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Shining a light on progressive supranuclear palsy (PSP) as a rare disease

Mark Hope, Patient Value Neurology & Europe/International Solutionsd
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Mark Hope, Patient Value Neurology & Europe/International Solutions
As we approach Rare Disease Day 2020, UCB are proud to reinforce our commitment to people living with progressive supranuclear palsy (PSP), and their families and loved ones.

The hummingbird is a symbol of PSP, representing how the brainstem of people living with PSP can appear on MRI scans. It is also an evocative reminder that PSP is a rare disease.

However, unlike the distinctive hummingbird, PSP is often difficult to identify by symptoms alone and is frequently misdiagnosed, often as Parkinson’s disease. This has led to a lack of awareness about what PSP actually is, and sadly many patients are not accurately diagnosed until after death.

People with PSP experience severely debilitating, neurodegenerative symptoms which worsen over time – including gaze palsy (an inability to move both eyes in a single horizontal or vertical direction) sleep issues, incontinence, trouble with swallowing and walking, as well as falls.1 There are no treatments available today to even slow the disease – only treatments that manage  symptoms to a limited degree.

This Rare Disease Day, UCB are proud to recognise and support people who are bravely living with rare diseases like PSP every day.

As part of our efforts to help improve the lives of patients, we are actively exploring whether one of our investigative medicines, an anti-tau antibody2 discovered in our research laboratories in Belgium, could provide a new treatment option for people living with PSP and other neurodegenerative diseases.

Our investigative medicine is already showing promise in preclinical studies, supporting our belief in its potential value for people living with PSP and other tauopathies (neurodegenerative diseases associated with the aggregation, or clustering, of the tau protein in the brain).2

We’re working to expedite its development as quickly as possible. As with many Rare Diseases, the small number of patients living with this condition means that identifying people to take part in clinical trials can be challenging. We are embracing innovative approaches to support recruitment, working closely with the patient advocacy and neurology community to take their perspectives on board with the aim of delivering a solution that addresses their needs.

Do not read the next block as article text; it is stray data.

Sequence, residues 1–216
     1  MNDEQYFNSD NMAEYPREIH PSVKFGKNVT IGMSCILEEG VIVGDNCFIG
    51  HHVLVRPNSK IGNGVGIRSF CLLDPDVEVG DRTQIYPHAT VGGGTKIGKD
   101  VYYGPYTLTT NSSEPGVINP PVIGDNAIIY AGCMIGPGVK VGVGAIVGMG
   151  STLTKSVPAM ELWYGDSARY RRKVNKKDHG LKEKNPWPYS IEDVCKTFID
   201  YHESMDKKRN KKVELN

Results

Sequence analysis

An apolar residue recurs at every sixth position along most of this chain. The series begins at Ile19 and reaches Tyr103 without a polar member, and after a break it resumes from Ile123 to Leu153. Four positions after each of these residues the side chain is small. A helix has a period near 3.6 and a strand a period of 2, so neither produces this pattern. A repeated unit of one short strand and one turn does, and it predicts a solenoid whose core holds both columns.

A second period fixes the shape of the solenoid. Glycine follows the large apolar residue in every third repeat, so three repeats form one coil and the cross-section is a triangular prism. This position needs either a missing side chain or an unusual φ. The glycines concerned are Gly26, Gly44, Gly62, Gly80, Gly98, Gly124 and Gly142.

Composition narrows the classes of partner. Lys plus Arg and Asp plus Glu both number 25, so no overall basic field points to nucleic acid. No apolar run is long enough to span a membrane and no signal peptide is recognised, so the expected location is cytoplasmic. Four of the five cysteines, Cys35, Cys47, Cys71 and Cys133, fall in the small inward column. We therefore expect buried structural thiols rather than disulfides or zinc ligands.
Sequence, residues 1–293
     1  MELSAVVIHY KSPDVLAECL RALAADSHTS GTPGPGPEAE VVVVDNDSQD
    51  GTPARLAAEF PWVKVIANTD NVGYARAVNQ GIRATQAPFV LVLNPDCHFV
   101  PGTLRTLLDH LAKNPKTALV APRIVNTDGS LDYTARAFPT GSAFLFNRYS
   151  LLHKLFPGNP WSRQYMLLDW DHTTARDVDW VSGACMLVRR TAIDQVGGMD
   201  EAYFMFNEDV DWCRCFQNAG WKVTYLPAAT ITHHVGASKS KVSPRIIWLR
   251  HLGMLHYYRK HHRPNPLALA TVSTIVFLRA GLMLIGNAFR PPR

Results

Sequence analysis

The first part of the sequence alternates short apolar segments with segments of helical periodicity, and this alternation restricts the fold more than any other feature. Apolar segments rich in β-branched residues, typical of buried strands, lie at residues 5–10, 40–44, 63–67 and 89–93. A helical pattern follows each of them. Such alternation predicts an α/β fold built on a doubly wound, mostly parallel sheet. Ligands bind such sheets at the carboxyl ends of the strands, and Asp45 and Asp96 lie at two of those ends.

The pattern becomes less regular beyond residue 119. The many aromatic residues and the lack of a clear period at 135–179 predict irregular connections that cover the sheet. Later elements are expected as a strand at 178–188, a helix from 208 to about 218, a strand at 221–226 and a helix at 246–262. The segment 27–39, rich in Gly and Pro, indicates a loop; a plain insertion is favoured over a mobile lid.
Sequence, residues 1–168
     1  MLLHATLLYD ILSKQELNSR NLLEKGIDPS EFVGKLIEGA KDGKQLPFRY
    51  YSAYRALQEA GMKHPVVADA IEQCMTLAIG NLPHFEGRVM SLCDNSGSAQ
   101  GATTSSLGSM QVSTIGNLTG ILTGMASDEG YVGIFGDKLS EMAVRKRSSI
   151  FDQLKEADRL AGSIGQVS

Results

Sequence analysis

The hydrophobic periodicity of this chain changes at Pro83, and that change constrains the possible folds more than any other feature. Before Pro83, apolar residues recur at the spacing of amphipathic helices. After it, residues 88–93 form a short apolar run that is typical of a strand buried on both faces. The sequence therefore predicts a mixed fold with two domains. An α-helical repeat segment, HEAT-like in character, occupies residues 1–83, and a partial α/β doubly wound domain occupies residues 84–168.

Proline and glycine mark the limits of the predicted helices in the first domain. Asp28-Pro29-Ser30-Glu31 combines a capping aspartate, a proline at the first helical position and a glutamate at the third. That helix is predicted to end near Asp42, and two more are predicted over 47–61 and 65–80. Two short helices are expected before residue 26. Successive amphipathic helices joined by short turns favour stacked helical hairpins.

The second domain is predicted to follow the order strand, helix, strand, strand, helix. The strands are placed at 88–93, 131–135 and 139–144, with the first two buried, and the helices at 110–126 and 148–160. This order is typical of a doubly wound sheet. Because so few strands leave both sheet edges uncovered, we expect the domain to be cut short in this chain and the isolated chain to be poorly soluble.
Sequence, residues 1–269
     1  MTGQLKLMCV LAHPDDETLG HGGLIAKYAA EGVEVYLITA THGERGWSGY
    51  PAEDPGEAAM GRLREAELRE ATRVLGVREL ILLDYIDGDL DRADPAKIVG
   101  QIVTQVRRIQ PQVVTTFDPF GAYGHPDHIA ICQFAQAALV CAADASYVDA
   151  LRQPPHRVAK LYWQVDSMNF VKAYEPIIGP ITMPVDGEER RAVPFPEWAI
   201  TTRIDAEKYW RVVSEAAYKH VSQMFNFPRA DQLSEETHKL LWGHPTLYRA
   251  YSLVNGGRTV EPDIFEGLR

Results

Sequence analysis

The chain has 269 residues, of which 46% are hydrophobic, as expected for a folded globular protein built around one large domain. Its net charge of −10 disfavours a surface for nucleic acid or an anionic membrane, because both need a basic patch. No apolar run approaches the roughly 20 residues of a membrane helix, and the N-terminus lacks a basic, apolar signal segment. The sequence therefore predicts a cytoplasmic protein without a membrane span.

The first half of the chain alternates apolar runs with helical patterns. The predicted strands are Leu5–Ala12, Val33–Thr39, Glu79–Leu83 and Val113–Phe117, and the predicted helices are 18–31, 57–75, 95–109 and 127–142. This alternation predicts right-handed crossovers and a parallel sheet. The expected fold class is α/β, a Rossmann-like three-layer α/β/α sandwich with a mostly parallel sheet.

Input from these stakeholders is critical to optimise how we work: delivering value to patients through meaningful outcomes and experiences is at the core of everything we do. We’re considering  how we can address some of the challenges faced by people with mobility issues in physically accessing treatment, and how we can better support these patients and their caregivers throughout their treatment journey.

UCB’s approach is to follow the science, listen to and learn from patients and to deliver breakthrough solutions in areas of high unmet medical need. Our approach to PSP, and other Rare Diseases, is no different.

The fight against neurodegenerative diseases, and especially PSP, is complex. However, in partnership with patients, caregivers, researchers, and healthcare professionals, all with a common goal to address unmet needs, we believe our “Inspired by patients, driven by science” philosophy will help shine a light on the journey towards the development and validation of new solutions.

1. To find out more about PSP, click here.
2. Read more about anti-tau antibodies in neurodegenerative diseases here.

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Posted by Jeannine Artois, 26 February 2020

Having my sister living with PSP, I feel particularly involved in all UCB can do to help these patients. I thank you so much for going ahead in this research and finally find something to help this REALLY debilitating disease ! A special thank you to Alex Klein